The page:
The Only Grammar Handbook You Hope You'll Never Need: Article 2

October 9, 2010
By Weatherby SILVER, Newtown, Pennsylvania
Weatherby SILVER, Newtown, Pennsylvania
8 articles 0 photos 0 comments

Favorite Quote:
We hold these truths to be self-evident, that all Men are created equal, that they are endowed by their Creator with certain inalienable rights, that among these are life, liberty, and the pursuit of happiness.
~ The Declaration of Independence

Article 2: Back to Really Basic Basics: The Punctuation Essentials elementary years:

Question marks


Exclamation Points
Hey, we’re not picking on you. We’ve been merely reminiscing about our teen years and how we couldn’t remember where anything went, save for periods (even that went downhill), and thought we ought to help our co-parts living through the same tough times. Ready to say, “Now, how just how did I forget that?”

Let us begin with question marks. Okay, so it’s for implying a question. No, duh. But! Do you happen to know The Three Essentials? They’re not just three essentials, they’re The Three Essentials. The Omniscient Three Essentials. Now before we get too carried away with ourselves, let us explain The Three Essentials:
1. Direct Question
2. Inside the Quotations… Always
3. Half-and-Half
Yeah. Whoa. Big time. What does it all mean? In essence, these are the three basic rules for how to use a question mark. When we say direct question, we mean that these punctuation commons can only be used after a direct question.
Check it out:
“Has the doctor assessed the situation yet?”
It is entirely a question, without any parts of sentences in it.
That’s simple. Now here’s where you may be totally stunned. As little as grammar may mean to you, this is pretty important. Like all the other punctuation symbols, it is of the essence that when you have quotation marks, and that quote needs a mark such as the question mark, then it must go inside the quotations. Otherwise, people will think you’re asking a question about the quote.
Check it out:
Example One:
“Did the president just quote Shakespeare; ‘to be or not to be’?”
Here you’re asking a question about the quote.
Example Two:
“Has the president gone astray?”
Since you are asking a direct question, and it doesn’t involve quotes, the question mark goes inside.
The last Essential is not something you put in your coffee (but believe us, we had plenty of both in writing this book) The last Essential states that when you’ve got a sentence involving sentence and question parts, then you use a question mark.
Check it out:
“Is it just me, or has the world turned on its financial axis?”
Now we proceed to periods. Periods, like question marks, also have The Three Essentials, also these may be a bit more familiar. First off, we tie in with our previous studies of independent and dependent clauses. What do you put after an independent clause? A period, because independent clauses are complete sentences.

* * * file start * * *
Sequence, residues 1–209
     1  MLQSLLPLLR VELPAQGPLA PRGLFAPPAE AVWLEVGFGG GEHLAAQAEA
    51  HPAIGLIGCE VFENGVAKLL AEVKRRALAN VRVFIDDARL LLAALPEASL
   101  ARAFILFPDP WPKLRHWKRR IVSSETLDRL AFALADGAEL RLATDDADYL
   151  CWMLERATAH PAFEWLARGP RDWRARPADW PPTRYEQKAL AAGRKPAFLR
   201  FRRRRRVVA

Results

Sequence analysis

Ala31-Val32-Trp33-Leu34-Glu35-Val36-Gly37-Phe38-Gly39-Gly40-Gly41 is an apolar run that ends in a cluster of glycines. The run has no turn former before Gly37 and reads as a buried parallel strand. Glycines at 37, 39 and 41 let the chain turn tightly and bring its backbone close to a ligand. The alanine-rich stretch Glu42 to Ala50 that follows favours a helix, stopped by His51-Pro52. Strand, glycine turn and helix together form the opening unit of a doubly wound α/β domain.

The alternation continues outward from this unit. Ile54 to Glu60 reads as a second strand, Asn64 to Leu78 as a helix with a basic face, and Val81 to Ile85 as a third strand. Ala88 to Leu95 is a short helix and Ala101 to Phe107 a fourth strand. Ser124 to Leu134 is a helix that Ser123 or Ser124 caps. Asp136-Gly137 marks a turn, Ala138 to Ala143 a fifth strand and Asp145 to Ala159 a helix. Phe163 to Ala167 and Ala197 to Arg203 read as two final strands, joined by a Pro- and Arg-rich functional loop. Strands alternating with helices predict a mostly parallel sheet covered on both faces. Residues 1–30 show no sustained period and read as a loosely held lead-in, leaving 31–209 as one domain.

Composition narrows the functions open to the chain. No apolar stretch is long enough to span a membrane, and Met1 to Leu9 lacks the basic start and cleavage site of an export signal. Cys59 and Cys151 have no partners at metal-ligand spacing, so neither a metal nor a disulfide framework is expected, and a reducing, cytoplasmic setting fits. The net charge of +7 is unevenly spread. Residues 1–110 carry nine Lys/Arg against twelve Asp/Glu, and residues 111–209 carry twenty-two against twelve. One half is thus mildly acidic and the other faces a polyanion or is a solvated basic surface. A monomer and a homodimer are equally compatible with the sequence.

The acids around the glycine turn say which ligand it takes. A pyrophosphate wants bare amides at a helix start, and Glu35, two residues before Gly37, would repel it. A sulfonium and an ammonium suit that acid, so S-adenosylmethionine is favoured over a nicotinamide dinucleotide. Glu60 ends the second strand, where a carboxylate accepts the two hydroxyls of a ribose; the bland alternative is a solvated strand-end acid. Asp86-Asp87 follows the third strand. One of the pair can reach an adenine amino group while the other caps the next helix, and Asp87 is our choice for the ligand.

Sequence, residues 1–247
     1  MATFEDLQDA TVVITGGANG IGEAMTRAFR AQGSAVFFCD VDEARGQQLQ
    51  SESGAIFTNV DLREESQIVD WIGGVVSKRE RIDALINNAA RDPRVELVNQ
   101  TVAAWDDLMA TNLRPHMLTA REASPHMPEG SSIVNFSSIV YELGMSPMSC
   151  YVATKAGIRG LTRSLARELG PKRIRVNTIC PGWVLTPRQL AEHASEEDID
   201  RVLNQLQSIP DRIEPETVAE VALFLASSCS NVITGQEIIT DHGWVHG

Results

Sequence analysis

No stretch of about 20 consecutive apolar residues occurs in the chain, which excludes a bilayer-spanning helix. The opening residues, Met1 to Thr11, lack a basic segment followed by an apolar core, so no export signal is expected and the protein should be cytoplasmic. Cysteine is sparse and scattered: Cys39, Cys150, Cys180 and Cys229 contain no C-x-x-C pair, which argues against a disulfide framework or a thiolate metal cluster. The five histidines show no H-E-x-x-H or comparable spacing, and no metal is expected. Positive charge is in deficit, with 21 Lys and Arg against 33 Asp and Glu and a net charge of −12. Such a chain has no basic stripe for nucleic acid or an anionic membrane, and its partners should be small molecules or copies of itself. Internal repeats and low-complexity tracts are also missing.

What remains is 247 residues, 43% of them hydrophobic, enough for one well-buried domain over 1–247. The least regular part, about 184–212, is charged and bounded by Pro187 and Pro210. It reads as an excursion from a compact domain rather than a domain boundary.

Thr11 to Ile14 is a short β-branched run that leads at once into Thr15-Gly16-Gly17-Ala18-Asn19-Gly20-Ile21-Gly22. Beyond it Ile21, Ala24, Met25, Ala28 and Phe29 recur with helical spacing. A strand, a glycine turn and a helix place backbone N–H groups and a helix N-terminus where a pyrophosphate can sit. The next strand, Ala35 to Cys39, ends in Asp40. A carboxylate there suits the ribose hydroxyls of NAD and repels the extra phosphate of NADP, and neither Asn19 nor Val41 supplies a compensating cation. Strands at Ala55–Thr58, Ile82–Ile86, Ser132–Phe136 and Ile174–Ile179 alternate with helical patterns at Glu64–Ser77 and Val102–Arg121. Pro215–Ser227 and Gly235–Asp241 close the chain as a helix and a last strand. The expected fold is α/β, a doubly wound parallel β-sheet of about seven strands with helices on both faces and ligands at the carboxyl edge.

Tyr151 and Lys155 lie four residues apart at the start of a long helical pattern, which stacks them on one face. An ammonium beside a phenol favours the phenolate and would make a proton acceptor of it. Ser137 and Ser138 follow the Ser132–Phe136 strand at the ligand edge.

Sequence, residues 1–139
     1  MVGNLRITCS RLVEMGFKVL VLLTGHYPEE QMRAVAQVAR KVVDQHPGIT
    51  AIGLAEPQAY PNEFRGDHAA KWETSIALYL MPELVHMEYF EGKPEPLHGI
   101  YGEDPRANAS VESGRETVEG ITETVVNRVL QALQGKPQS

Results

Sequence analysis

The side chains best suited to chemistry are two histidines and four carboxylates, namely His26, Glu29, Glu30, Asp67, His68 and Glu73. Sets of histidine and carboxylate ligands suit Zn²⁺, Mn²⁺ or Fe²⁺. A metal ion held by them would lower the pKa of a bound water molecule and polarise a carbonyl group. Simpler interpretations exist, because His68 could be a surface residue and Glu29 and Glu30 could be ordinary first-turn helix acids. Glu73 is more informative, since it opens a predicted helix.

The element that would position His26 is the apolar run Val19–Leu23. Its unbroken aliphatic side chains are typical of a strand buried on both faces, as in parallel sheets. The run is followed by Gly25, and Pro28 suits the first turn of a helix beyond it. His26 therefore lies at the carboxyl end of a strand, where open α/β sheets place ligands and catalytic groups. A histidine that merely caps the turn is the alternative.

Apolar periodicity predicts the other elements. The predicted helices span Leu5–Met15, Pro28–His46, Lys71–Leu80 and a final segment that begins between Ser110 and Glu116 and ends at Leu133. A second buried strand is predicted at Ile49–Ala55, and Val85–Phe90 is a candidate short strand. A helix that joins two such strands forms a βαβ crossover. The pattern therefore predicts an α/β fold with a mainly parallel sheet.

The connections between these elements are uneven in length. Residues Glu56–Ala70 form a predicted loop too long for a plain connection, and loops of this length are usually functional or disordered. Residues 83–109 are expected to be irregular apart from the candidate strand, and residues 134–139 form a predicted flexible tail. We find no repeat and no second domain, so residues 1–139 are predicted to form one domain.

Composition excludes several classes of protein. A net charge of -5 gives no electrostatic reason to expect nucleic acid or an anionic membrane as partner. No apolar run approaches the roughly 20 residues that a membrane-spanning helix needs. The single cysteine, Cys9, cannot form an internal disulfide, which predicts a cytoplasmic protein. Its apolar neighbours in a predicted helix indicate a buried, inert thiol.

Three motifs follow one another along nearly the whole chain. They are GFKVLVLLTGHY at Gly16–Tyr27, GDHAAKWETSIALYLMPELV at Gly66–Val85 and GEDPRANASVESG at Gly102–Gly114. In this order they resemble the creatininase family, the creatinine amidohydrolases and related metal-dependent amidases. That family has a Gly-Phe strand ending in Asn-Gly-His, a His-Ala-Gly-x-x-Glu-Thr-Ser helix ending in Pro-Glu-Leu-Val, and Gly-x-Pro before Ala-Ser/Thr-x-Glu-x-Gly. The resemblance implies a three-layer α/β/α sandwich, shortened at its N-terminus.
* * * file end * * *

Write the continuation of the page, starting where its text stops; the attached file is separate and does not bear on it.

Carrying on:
Check it out:

“Fifteen minutes could save you fifteen percent or more on your car insurance.”
Trendy Tip: Let’s say you have a dependent clause, and you’re in a grammar crisis. You have this independent cause, and you need a way to make it fit right. You can always use a comma to link to the nearest independent clause that makes sense.

Check it out:

The dependent clause is: ‘What a world.’

The nearest sensible independent clause: ‘It’s absolutely corrupted.’

Final product: “What a world, it’s absolutely corrupted.”

The next Essential involves a bit of confusion. Take the term, Esq., commonly used for lawyers and other professionals. It’s got a period at the end, so if it’s at the end of a sentence, do you put another period to signal the end? Let us deliberate. Would it make sense, or would it look awfully strange? Truth is, you shouldn’t.

Check it out:

“Your husband has chosen an attorney for your divorce, a Mrs. Ruth Jordan, Esq.”

The final Essential get tricky, and might very well put your mind in knots. According to, “Use a period after an indirect question.” What’s an indirect question, you may ask? Well…

Check it out:

“She asked me just yesterday, despite the teacher repeating it several billion times, what the homework was.”

Here, “she” is asking a question, but it has been put into sentence form by a second person, therefore making it indirect.

Who’s excited for exclamation points?! We are! Whether you turn them into a face at the end of your sentence, or multiply in large amounts to express overwhelming joy, exclamation points are the lives of the party in the convoluted world of grammar (yes, something even as dull as grammar can have a little fun, as well) In addition, they can’t even simpler. The only thing you have to remember:
“Do not use the exclamation point in formal business writing.” (

The author's comments:
The second installation of The Only Grammar Handbook You Hope You'll Never Need.

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